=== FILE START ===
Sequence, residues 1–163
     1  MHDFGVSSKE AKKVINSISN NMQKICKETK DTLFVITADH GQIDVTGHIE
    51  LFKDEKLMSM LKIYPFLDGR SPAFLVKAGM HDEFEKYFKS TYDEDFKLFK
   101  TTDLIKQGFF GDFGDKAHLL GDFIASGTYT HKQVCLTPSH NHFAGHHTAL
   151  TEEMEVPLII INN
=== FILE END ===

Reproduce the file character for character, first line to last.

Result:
Sequence, residues 1–163
     1  MHDFGVSSKE AKKVINSISN NMQKICKETK DTLFVITADH GQIDVTGHIE
    51  LFKDEKLMSM LKIYPFLDGR SPAFLVKAGM HDEFEKYFKS TYDEDFKLFK
   101  TTDLIKQGFF GDFGDKAHLL GDFIASGTYT HKQVCLTPSH NHFAGHHTAL
   151  TEEMEVPLII INN